Anti-Valentine’s Day Brings Twist to Classic Holiday

An “Anti-Valentine’s Day” cookie. Photo Courtesy / Edita Bardhi
An “Anti-Valentine’s Day” cookie. Photo Courtesy / Edita Bardhi
An “Anti-Valentine’s Day” cookie. Photo Courtesy / Edita Bardhi

An “Anti-Valentine’s Day” cookie.
Photo Courtesy / Edita Bardhi

By Edita Bardhi
Opinion Editor

On Tuesday, Feb. 14, ESU students were overjoyed by the university’ s third annual Anti-Valentine’s Day.

Presented by the Commuter Counsel, the group members aimed for every student to feel important on this couple’s day.

“For everyone, here at the U.S. country compared to other cultures, Valentine’s Day is the lovey-dovey holiday where everyone gets all happy with someone.

Then, they look at all the people who are single, and they feel like they are left out. So, we, as a group, came together to throw a holiday for single people.

To not make them feel like an outcast, but actual people. So, Anti-Valentine’s Day is a way of getting single people out there and letting them know, ‘hey, look, we are just as good as people in relationships,’” said Eric Fireston, president of the Commuter Counsel.

Rather than allowing the affectionate holiday to overcome strong feelings, students instead surrounded themselves by those alike, and enjoyed the day as is.

Refreshments were available as students became comfortable and spoke to one another.

Midway through, the seating areas were filled, for groups of friends came to enjoy the occasion. Students participated in numerous games such as Shoot Arrows at Cupid, Break a Heart Piñata and Balloon Darts. Participants in Break a Heart Piñata won a gift bag full of candy.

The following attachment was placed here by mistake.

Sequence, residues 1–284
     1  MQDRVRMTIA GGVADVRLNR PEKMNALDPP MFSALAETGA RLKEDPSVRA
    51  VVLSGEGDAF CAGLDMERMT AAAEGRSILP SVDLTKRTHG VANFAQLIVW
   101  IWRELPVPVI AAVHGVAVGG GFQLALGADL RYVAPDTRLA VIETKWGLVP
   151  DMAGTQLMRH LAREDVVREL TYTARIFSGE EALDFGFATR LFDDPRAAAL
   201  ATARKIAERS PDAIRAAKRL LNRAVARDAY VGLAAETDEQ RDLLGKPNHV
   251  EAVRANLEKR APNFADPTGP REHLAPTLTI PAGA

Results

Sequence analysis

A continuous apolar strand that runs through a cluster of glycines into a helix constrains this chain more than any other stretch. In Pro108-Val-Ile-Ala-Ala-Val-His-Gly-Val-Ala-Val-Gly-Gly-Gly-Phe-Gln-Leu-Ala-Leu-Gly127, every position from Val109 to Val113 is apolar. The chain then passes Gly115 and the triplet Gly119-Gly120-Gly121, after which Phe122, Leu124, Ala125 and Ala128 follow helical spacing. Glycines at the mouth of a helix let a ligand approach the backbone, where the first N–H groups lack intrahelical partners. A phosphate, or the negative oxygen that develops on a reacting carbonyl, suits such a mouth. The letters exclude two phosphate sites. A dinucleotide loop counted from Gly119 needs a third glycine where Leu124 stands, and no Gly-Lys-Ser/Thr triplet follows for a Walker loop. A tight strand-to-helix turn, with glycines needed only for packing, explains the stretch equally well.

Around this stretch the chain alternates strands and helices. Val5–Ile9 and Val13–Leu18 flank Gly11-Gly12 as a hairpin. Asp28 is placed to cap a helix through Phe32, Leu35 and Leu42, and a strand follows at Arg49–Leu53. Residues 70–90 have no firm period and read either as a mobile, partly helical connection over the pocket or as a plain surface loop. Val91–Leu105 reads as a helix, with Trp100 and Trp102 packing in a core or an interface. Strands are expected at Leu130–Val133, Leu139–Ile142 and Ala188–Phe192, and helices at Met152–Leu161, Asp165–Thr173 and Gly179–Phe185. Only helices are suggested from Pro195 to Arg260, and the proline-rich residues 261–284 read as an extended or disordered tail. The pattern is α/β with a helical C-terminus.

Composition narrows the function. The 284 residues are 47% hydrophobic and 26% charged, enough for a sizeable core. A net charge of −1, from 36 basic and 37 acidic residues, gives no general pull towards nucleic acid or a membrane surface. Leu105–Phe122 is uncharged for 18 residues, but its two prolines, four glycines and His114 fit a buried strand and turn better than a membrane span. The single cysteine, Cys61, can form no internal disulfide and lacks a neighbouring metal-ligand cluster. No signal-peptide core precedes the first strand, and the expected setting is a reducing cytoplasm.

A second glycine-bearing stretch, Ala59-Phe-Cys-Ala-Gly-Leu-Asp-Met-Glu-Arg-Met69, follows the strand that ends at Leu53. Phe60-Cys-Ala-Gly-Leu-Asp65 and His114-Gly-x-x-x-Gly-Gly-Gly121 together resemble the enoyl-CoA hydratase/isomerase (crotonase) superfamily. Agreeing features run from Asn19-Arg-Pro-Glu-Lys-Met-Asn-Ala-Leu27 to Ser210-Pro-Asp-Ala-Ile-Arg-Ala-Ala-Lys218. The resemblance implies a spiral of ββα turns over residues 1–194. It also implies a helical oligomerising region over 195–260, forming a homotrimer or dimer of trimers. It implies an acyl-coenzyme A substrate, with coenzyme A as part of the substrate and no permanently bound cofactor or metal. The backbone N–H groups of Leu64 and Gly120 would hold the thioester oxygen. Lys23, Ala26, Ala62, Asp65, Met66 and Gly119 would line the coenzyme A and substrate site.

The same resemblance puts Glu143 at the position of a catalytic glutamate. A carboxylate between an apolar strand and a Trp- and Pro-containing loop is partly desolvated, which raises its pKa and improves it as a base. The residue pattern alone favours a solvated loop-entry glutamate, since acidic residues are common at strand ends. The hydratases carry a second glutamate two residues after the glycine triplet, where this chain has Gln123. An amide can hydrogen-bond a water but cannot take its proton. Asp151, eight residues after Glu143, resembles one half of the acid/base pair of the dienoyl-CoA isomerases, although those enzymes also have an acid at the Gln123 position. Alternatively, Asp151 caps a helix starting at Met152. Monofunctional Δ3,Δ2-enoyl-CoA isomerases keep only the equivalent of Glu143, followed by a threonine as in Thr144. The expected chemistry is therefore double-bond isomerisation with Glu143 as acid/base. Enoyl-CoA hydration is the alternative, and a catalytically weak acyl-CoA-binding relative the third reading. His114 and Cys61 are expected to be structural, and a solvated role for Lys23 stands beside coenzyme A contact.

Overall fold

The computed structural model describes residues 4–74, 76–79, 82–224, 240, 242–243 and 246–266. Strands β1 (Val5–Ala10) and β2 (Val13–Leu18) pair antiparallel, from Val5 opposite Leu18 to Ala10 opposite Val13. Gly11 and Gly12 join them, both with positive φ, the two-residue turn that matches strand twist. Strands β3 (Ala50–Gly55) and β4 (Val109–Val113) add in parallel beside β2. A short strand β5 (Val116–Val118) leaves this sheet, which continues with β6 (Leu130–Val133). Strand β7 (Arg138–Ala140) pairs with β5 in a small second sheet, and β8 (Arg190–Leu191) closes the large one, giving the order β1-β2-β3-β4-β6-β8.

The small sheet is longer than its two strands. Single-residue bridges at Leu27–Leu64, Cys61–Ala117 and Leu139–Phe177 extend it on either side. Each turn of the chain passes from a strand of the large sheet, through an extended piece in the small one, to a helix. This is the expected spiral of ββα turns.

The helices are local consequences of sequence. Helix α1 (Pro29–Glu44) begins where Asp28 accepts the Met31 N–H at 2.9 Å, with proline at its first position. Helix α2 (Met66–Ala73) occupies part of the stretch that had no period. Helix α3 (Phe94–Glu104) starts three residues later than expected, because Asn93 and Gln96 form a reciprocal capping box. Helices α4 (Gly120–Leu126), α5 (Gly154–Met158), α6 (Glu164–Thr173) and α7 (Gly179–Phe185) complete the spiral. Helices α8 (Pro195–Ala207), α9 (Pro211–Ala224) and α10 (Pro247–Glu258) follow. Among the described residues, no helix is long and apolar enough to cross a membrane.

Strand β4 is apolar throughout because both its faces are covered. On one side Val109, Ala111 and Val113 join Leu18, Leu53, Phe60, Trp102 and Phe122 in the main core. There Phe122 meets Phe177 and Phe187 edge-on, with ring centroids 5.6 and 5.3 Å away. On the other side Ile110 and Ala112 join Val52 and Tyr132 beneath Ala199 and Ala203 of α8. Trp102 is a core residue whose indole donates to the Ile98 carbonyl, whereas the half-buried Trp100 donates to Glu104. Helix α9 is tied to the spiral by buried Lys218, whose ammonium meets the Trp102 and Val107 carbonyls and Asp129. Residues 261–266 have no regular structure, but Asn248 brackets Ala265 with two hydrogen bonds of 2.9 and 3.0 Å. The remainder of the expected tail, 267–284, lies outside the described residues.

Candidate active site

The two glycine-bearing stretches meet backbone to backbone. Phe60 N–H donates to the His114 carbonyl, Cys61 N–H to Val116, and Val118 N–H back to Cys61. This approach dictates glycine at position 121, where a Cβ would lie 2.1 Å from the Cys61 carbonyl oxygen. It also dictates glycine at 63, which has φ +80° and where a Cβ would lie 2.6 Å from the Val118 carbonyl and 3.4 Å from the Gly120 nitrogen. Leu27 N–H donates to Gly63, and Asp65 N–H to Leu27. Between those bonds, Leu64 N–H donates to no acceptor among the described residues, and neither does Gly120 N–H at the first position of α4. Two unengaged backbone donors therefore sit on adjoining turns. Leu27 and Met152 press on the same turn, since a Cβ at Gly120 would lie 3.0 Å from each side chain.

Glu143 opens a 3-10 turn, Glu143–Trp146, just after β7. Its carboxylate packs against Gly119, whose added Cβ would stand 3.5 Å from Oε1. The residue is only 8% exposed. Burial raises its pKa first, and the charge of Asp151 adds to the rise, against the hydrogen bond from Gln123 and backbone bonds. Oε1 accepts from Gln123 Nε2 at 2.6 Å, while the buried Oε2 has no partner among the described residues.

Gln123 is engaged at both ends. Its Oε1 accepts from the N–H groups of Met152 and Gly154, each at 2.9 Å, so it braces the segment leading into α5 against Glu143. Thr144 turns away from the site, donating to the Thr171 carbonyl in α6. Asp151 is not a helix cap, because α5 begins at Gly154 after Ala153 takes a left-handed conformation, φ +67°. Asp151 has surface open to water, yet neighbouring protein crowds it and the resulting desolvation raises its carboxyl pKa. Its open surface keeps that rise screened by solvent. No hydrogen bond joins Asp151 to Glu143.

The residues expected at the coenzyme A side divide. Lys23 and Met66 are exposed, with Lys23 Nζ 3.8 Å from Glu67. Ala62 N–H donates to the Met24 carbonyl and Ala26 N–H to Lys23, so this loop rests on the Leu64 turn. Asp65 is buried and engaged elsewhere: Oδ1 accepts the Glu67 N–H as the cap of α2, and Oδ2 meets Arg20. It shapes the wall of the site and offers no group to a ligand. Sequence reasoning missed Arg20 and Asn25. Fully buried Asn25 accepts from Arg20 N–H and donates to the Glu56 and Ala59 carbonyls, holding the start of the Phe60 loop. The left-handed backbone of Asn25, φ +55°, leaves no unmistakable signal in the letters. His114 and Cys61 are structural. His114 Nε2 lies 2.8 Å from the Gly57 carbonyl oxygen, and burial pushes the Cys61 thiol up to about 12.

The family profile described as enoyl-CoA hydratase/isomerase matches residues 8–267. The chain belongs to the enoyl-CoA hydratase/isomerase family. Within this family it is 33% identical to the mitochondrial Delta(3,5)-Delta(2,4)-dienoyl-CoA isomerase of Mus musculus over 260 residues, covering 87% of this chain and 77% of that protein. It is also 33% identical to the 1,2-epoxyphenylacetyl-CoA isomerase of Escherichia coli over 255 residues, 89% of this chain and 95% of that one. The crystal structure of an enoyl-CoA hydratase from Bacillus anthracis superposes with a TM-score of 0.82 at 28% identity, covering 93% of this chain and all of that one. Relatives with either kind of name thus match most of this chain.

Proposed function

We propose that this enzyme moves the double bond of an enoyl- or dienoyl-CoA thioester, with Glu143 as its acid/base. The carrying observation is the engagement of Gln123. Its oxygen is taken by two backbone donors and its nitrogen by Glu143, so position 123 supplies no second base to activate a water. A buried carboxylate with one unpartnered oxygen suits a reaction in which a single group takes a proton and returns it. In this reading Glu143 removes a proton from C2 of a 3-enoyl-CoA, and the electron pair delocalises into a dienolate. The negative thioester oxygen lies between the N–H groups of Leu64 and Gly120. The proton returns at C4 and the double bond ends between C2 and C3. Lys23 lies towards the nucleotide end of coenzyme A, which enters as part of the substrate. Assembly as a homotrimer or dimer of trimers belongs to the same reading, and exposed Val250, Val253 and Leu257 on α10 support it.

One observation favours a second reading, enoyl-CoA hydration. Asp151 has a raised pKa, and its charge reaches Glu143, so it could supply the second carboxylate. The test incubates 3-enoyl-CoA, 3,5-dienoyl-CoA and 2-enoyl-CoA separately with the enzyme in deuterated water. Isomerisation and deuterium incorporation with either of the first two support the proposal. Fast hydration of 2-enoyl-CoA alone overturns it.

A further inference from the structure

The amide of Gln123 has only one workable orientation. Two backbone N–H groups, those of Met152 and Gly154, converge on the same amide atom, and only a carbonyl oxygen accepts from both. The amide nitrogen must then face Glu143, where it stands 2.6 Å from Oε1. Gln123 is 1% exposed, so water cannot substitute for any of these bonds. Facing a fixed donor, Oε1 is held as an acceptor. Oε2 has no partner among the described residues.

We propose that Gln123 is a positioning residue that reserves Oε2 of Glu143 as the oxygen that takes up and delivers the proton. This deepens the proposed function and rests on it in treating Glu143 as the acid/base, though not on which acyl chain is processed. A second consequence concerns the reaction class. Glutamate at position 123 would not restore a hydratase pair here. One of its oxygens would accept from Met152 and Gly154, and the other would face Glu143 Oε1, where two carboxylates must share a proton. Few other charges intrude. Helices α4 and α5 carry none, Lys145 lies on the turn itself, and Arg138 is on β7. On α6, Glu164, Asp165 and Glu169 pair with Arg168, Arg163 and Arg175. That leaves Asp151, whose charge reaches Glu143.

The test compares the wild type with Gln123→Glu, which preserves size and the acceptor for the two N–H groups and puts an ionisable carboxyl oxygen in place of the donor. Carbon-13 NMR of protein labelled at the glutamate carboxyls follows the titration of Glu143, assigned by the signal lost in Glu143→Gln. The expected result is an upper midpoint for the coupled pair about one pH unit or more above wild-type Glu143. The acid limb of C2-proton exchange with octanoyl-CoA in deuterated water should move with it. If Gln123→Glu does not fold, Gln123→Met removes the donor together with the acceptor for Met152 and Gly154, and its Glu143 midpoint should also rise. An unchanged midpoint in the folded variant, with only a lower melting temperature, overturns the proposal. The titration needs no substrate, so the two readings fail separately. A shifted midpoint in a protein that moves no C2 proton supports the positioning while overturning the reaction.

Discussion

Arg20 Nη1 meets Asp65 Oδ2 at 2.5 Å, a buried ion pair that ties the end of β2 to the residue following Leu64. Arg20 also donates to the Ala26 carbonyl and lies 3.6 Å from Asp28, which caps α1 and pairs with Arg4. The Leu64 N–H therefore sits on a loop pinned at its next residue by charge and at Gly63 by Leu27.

Students were also able to express their inner-feelings by creating a broken-heart cookie, cake or a cupcake.

One of the participants chose a cookie in the shape of a heart, and later wrote “No” in chocolate syrup.

“I have no other way of celebrating Valentine’s Day, so I figured why not come to the Anti-Valentine’ s Day. Because I have never really been one for Valentine’ s Day itself,” said Cassandra Bebiakl, a freshman and owner of the cookie.

As all of this was taking place, break up music was played in the background.

“We wanted to do something against Valentine’s Day. So, one of the girls in the group decided why not play break-up music for people who just came out of a relationship. The whole point here is to make single people feel better about themselves,” said Fireston.

At any point of the event, students could karaoke to a song of their choice. A few had even sung more than once.

An ESU commuter voiced her opinion on the Anti-Valentine’s Day occasion.

“The Anti- part is not really played for the negative connotation. It sounds a little too much but it’ s really more of just like ‘ everyone can do this, everyone can celebrate it.’ Not to be like, ‘ oh, I hate love.’ It’s open for everyone,” said Rose Blanc, one of the members of the Commuter Counsel.

She continued, “A lot of us, especially at this young age, are always curious about looking for love. And its holidays like these that make it a little more stressful for young kids.”

Email Edita at:
ebardhi@live.esu.edu

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